Lesson 5 - Community
Meeting together and serving one another in the church body
The goal of this lesson is to make Christian family and friends a priority for the new believer?
Many people live their lives alone and try to escape from certain groups of people. Young people often don’t connect with their own families or classmates at school. Whatever the case, God wants us to find love and acceptance in his family (the church).
A great place to start with community is knowing the basics about a person. Have each group member bring pictures to the meeting that will help the group get to know them – pictures of family, favorite hobbies, friends, pets, house, or whatever. Take about 30 minutes (you may only have time for one person each week) to get to know each person in the group. Ask lots of questions and really seek to know the details of the person’s life. Do they live with their parents, are their parents divorced, do they have siblings, grandparents, hobbies, things they hate, favorite music, favorite foods, etc.
These questions will help bring out a person’s basic feelings toward the idea of community. Don’t be surprised if some views of community and church are negative. Some church communities and families and even real families are not attractive and loving. Listen carefully to those views and then lead the group respectfully to God’s truth in the next section.
Acts 2:42-47 – This is the description of the first group of Christians ever. Before this time, there was only the people of the nation of Israel. Since the nation rejected Jesus as their Messiah, God decided to add another group of people to his family. In this new family group, it was not necessary to be a part of the nation of Israel (a Jew). The only requirement was a personal belief in the work of Jesus Christ (that is, in his life, death and resurrection for the forgiveness of our sins).
In these verses, we get a view of how that first group of believers lived and worked together. This passage is often used as a standard and an example of what true community entails.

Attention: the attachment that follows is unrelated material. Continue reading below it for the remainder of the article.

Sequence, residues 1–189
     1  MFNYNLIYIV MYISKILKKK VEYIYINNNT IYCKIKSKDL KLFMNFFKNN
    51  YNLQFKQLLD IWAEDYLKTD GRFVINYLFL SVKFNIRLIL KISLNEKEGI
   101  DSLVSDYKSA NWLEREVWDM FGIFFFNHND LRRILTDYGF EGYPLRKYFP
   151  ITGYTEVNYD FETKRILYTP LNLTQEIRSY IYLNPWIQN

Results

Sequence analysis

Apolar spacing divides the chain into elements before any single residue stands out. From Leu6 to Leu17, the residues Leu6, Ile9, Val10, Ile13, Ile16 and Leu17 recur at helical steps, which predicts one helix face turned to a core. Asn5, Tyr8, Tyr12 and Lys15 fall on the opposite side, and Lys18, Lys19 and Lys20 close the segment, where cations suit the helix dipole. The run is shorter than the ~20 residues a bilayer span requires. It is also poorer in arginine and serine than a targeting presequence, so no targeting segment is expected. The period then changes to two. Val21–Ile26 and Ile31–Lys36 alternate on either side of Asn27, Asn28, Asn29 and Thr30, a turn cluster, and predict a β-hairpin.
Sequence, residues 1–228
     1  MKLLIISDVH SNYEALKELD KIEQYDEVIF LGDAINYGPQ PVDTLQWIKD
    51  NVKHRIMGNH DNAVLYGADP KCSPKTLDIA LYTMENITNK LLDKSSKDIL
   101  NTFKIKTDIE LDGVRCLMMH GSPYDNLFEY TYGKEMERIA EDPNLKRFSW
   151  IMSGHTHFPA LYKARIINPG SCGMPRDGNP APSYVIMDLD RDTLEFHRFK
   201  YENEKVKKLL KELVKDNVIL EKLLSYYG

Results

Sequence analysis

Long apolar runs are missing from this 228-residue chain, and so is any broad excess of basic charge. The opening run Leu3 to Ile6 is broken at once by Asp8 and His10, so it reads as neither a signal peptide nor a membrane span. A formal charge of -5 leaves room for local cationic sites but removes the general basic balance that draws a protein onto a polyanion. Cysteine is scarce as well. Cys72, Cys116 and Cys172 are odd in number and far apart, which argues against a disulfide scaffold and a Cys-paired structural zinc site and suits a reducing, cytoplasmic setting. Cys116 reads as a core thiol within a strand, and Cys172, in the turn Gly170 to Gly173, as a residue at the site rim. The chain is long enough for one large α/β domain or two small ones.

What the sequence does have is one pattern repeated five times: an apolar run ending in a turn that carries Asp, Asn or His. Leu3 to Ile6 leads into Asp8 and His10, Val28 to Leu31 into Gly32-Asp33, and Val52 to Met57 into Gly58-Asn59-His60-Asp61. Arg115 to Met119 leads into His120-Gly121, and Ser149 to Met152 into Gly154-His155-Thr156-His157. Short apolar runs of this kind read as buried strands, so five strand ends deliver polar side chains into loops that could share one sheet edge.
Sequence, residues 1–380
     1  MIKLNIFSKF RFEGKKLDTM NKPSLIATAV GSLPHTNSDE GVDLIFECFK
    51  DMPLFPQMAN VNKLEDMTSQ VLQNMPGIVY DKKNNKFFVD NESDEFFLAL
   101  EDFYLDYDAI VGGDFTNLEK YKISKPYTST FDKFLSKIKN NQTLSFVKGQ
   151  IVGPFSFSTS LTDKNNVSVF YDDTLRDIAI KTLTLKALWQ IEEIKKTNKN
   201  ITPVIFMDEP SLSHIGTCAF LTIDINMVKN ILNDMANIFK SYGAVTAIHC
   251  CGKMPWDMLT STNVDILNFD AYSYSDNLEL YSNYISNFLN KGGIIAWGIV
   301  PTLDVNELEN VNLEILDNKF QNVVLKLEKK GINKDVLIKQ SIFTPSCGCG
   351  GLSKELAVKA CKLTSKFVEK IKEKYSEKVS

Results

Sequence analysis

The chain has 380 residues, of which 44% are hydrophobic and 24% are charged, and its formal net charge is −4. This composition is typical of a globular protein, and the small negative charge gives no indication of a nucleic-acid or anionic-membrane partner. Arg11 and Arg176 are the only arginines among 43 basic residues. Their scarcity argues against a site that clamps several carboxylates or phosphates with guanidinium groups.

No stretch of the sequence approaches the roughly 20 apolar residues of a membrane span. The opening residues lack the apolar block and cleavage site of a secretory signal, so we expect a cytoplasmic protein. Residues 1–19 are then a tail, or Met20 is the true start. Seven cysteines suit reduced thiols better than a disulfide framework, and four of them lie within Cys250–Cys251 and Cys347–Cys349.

Key Questions to Answer
In question number 4, the concept of “having all things in common” is mentioned. This could be confusing and seem to imply that they sold all their possessions and lived together in one place or some sort of commune. However, a better understanding is that the first believers did not view what they possessed as just their own. They were willing to share everything they had with everyone else in the family. If someone needed something else, they were willing to sell their possessions in order for that person in need to have money to buy what was necessary. This is real community and the right attitude toward possessions.
These are not small skills to practice! These principles can be complete opposites of our normal attitudes. It might be a good idea to ask your group members which of these 5 skills is the simplest for them and which is the most difficult. This could open some needed discussion.
You may also want to plan an activity together to live out one of these skills together this week.
This week, we see Laura from Romania hanging out with her girlfriends and Mišo from Slovenia driving his hot Renault. Laura’s video is definitely for girls; she talks about how being there for each other is an important aspect of community. She also talks about the need for accountability. Mišo talks about as a new Christian he was alone for the first year and did not understand that he really needed to be around other Christians to grow in a healthy way. He realized in the end that he needed to be around other Christians. Again, watch both videos beforehand and think of some key questions that could help the group remember this lesson.
Hebrews 10:24-25, “And let us consider how we may spur one another on toward love and good deeds. Let us not give up meeting together, as some are in the habit of doing, but let us encourage one another—and all the more as you see the Day approaching.”
Through the Week Study: Remember to ask how the readings went for the past week. It is likely that you will have to go back (to the previous lesson) and help them choose a different and better time or place for their daily time with God. You may also want to follow up by choosing a question from the daily readings and see how they responded during the week.